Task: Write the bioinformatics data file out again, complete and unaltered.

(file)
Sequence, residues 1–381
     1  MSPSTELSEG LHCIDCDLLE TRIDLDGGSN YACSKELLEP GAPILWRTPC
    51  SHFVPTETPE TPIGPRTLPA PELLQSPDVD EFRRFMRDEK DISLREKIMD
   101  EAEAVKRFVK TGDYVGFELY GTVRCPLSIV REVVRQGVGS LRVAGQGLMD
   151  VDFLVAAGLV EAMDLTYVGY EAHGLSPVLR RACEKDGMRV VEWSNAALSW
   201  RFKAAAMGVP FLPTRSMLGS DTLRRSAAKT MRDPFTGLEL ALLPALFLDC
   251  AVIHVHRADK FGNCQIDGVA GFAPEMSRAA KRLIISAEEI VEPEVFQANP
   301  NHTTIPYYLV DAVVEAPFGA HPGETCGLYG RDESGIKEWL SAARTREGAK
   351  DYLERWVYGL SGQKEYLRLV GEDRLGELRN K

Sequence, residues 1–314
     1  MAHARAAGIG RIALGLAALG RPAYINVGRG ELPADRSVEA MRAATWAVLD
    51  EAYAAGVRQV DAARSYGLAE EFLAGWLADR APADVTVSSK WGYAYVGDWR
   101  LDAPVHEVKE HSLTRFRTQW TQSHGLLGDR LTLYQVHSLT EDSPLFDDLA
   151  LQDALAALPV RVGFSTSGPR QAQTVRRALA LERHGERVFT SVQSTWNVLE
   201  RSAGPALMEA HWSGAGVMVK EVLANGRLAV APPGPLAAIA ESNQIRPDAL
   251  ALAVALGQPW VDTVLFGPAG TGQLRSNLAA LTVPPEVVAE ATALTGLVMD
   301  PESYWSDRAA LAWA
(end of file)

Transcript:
Sequence, residues 1–381
     1  MSPSTELSEG LHCIDCDLLE TRIDLDGGSN YACSKELLEP GAPILWRTPC
    51  SHFVPTETPE TPIGPRTLPA PELLQSPDVD EFRRFMRDEK DISLREKIMD
   101  EAEAVKRFVK TGDYVGFELY GTVRCPLSIV REVVRQGVGS LRVAGQGLMD
   151  VDFLVAAGLV EAMDLTYVGY EAHGLSPVLR RACEKDGMRV VEWSNAALSW
   201  RFKAAAMGVP FLPTRSMLGS DTLRRSAAKT MRDPFTGLEL ALLPALFLDC
   251  AVIHVHRADK FGNCQIDGVA GFAPEMSRAA KRLIISAEEI VEPEVFQANP
   301  NHTTIPYYLV DAVVEAPFGA HPGETCGLYG RDESGIKEWL SAARTREGAK
   351  DYLERWVYGL SGQKEYLRLV GEDRLGELRN K

Sequence, residues 1–314
     1  MAHARAAGIG RIALGLAALG RPAYINVGRG ELPADRSVEA MRAATWAVLD
    51  EAYAAGVRQV DAARSYGLAE EFLAGWLADR APADVTVSSK WGYAYVGDWR
   101  LDAPVHEVKE HSLTRFRTQW TQSHGLLGDR LTLYQVHSLT EDSPLFDDLA
   151  LQDALAALPV RVGFSTSGPR QAQTVRRALA LERHGERVFT SVQSTWNVLE
   201  RSAGPALMEA HWSGAGVMVK EVLANGRLAV APPGPLAAIA ESNQIRPDAL
   251  ALAVALGQPW VDTVLFGPAG TGQLRSNLAA LTVPPEVVAE ATALTGLVMD
   301  PESYWSDRAA LAWA